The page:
Pornography has exacerbated the idea that hooking up is normal, natural, and a perfectly acceptable means to satisfaction. What many parents don’t understand is that today’s pornography is readily available, more graphic and violent than ever, and out to capture the minds of our children. It’s nothing like the Playboy of yesteryear. While my generation had to plan ahead to watch an inappropriate video, today’s children stumble onto an image or video clip while innocently scrolling. Young kids who are too young to run a vacuum or cook on the stove search for a word they don’t know and become exposed to a whole new world. Advertisements appear on their sidebar as they complete a homework assignment. Curiosity gets the better of them, and they click. One click is all it takes. Just like you and I get lost on Facebook, Instagram, or YouTube, clicking one video after another, they are off and running, accessing free pornography easily.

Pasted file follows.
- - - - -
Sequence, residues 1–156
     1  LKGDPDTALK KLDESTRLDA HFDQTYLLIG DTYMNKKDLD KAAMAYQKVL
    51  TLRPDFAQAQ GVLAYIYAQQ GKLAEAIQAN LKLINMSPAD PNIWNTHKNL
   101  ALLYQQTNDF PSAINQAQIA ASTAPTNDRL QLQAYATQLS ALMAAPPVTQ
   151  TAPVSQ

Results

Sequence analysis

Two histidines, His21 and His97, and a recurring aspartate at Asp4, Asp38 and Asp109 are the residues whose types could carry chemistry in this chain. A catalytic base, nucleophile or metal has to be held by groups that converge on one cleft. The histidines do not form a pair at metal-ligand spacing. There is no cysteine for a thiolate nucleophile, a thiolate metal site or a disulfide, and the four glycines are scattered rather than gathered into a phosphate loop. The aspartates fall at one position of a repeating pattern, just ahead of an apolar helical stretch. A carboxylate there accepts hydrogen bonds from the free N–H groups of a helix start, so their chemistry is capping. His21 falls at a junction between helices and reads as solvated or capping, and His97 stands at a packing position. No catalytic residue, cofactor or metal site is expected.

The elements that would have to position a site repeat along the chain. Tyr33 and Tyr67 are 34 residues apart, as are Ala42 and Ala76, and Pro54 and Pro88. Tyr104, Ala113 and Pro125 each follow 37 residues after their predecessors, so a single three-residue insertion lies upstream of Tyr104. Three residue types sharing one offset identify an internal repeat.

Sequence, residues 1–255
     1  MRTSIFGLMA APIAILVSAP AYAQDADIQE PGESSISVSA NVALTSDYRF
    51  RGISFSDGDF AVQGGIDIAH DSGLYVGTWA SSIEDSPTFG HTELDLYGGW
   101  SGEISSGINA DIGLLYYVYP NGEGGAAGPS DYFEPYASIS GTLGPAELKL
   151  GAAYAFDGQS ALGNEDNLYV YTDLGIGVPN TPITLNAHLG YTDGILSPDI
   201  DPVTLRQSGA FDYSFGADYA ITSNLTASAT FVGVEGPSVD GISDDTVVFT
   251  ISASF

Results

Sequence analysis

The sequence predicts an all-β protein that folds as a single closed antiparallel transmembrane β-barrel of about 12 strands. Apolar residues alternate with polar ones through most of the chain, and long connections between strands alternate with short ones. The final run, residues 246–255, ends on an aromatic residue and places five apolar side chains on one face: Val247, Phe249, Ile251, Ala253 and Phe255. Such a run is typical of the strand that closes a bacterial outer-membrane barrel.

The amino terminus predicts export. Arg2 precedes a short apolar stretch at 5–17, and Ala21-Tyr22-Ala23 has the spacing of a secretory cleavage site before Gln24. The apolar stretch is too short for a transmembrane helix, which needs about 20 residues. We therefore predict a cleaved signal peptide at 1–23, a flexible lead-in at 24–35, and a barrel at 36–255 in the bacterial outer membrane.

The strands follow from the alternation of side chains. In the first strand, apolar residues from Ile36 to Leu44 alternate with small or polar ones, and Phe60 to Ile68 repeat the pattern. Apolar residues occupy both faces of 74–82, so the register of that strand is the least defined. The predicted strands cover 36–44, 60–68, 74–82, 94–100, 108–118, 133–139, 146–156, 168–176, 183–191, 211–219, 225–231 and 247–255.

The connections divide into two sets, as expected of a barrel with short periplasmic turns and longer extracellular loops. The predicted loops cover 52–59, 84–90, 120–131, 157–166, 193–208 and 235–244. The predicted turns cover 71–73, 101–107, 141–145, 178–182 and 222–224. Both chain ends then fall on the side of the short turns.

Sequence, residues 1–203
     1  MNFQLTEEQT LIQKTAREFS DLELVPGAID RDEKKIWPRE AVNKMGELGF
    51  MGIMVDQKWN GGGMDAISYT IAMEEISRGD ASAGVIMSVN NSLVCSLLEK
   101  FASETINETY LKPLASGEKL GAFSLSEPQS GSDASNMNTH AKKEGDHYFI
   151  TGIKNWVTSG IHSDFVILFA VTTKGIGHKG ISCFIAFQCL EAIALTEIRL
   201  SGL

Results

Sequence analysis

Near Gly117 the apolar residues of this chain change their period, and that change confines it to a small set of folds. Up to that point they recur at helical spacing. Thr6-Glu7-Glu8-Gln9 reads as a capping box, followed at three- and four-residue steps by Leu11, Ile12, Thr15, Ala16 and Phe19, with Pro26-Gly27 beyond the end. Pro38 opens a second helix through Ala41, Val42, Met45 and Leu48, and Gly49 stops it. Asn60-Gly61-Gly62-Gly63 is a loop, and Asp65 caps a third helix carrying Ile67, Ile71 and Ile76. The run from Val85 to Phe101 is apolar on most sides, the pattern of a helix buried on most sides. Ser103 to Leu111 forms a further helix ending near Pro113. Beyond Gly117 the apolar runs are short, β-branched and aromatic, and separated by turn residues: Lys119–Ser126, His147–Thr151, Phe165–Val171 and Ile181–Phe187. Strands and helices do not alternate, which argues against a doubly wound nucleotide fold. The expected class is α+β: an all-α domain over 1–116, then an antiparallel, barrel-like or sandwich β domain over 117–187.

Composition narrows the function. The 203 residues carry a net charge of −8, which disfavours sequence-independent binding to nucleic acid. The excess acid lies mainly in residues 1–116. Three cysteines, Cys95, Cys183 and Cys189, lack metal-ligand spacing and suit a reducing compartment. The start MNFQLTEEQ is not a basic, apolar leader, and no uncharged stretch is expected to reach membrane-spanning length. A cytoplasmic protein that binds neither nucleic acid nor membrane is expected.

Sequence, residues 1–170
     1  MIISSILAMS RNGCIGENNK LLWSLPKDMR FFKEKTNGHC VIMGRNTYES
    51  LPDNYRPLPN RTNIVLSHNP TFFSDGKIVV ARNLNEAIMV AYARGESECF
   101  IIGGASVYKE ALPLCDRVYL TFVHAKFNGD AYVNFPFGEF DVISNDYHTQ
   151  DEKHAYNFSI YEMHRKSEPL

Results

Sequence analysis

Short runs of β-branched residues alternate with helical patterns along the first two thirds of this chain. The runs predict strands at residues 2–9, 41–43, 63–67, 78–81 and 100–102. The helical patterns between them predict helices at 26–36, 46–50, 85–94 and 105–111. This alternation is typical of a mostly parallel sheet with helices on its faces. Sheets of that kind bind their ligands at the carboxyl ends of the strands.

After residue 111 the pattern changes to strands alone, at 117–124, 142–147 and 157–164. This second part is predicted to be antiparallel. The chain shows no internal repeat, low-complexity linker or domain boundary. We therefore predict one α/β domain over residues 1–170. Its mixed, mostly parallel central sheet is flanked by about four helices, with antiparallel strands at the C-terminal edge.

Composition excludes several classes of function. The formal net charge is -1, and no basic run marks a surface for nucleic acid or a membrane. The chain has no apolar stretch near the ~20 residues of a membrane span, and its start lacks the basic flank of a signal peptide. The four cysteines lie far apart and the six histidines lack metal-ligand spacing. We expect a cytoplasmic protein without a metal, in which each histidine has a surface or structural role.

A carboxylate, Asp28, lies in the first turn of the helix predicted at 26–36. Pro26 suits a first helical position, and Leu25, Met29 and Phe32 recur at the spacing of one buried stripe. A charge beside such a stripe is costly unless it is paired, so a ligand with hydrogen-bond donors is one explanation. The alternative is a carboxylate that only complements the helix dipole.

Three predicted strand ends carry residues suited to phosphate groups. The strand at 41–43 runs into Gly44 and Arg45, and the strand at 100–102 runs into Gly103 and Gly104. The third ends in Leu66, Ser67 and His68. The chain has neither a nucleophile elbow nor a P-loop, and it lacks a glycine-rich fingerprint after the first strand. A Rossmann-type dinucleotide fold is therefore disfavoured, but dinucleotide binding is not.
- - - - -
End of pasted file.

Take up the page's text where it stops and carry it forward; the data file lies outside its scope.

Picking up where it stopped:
But children don’t just search for it on their own or stumble onto it accidentally. Sometimes, their friends show them. Kids are eager to share their newfound knowledge and freely stick their devices with the offensive material under the innocent eyes of their friends or even acquaintances. I’ve heard stories from mom friends stating that their six-year-old or seven-year-old was shown photos or videos during sports practices, playdates, or during school. One mom told me that a nine-year-old girl showed her ten-year-old son pornography while both parents were in the same room. Sometimes our young children report these incidents to us because they are shocked by what they see or understand the dangers. But many times, especially if no one has talked with them about pornography, they don’t say anything.